The ion processing apparatus 500 further includes a set of first supports 542, a set of second supports 544, a set of third supports 546, and a set of fourth supports 548. The supports 542, 544, 546, 548 may be composed of a material that is both compliant and electrically insulating, one non-limiting example being polytetrafluoroethylene (PTFE, or Teflon®) or other suitable polymer. The supports 542, 544, 546, 548 may be generally cylindrical to facilitate fabrication and assembly. As described further below, the supports 542, 544, 546, 548 provide a means for fixing the position of the electrode set 510 relative to the insulators 532, 634 and for mechanically isolating the electrode set 510 and the insulators 532, 634 from external forces. Depending on the axial length of an electrode to be supported, one or more supports 542, 544, 546, 548 may be associated with that electrode. In the illustrated quadrupolar arrangement, four first supports 542 are provided to support the respective main electrodes formed from the center electrode blank 640 at the first end regions 642, and four second supports 544 are provided to support the respective main electrodes at the second end regions 644. In an implementation where the electrode set 510 is not segmented, just the first supports 542 and the second supports 544 may be provided. In the segmented implementation specifically illustrated in FIGS. 5-7, four third supports 546 are provided to support the respective first end electrodes formed from the first end electrode blank 630, and four fourth supports 548 are provided to support the respective second end electrodes formed from the second end electrode blank 650. Each support 542, 544, 546, 548 is interposed between, and in contact with, the housing 522 and either the first insulator 532 or the second insulator 634. Each support 542, 544, 546, 548 may be disposed in, and in contact with, a corresponding bore 670 of the housing 522.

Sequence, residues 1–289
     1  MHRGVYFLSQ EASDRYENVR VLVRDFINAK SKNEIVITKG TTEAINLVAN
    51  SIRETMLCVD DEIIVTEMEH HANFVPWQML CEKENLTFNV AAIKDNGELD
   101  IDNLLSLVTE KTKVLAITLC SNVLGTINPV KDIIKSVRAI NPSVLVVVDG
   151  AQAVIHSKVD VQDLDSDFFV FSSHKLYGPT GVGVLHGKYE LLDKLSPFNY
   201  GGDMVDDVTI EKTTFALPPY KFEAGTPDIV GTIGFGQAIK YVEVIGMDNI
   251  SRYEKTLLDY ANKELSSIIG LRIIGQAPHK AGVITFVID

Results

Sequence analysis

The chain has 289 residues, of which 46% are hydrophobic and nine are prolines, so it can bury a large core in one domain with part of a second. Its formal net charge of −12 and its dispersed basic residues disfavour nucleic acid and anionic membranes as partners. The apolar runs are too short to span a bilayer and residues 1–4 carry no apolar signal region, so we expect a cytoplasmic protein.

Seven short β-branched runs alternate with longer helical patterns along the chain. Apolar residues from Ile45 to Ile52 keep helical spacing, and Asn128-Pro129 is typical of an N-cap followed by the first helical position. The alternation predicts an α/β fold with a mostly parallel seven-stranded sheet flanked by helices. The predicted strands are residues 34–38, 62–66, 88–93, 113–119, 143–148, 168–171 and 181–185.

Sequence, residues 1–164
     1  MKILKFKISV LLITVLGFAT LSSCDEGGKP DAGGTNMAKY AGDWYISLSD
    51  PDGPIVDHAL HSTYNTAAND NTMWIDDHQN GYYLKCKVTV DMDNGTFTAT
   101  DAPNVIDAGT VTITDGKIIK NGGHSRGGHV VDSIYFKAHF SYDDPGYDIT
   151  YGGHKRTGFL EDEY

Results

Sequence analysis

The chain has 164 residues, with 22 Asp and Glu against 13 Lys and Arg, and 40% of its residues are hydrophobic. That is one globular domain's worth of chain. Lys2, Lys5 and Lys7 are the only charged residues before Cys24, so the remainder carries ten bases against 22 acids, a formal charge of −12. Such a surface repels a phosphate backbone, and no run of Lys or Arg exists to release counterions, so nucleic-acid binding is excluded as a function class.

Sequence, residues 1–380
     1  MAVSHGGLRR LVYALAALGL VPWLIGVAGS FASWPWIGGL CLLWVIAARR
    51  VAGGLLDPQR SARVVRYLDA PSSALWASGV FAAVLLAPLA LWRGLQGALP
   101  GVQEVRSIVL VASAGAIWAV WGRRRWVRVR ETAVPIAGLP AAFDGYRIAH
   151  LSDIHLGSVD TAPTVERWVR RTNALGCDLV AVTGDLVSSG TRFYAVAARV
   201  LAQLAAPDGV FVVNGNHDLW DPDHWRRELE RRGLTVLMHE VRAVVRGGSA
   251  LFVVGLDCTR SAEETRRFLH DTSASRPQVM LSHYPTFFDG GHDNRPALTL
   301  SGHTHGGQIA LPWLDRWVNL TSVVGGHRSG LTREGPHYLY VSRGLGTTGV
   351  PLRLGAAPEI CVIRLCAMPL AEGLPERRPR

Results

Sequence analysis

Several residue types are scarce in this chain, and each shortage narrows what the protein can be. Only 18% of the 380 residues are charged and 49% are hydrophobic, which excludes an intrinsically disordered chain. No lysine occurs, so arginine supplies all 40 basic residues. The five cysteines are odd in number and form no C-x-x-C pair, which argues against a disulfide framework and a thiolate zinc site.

While the supports 542, 544, 546, 548 may be characterized as being compliant or deformable, this compliance or deformability is limited to a degree no more than necessary for maintaining the respective positions (e.g., orientation, parallelism, etc.) of the electrodes 502, 504, 506, 508 in response to an external force or shock. Stated in another way, the supports 542, 544, 546, 548 will elastically yield only enough to absorb the force and prevent consequent translation, misalignment or disfigurement of the electrodes 502, 504, 506, 508.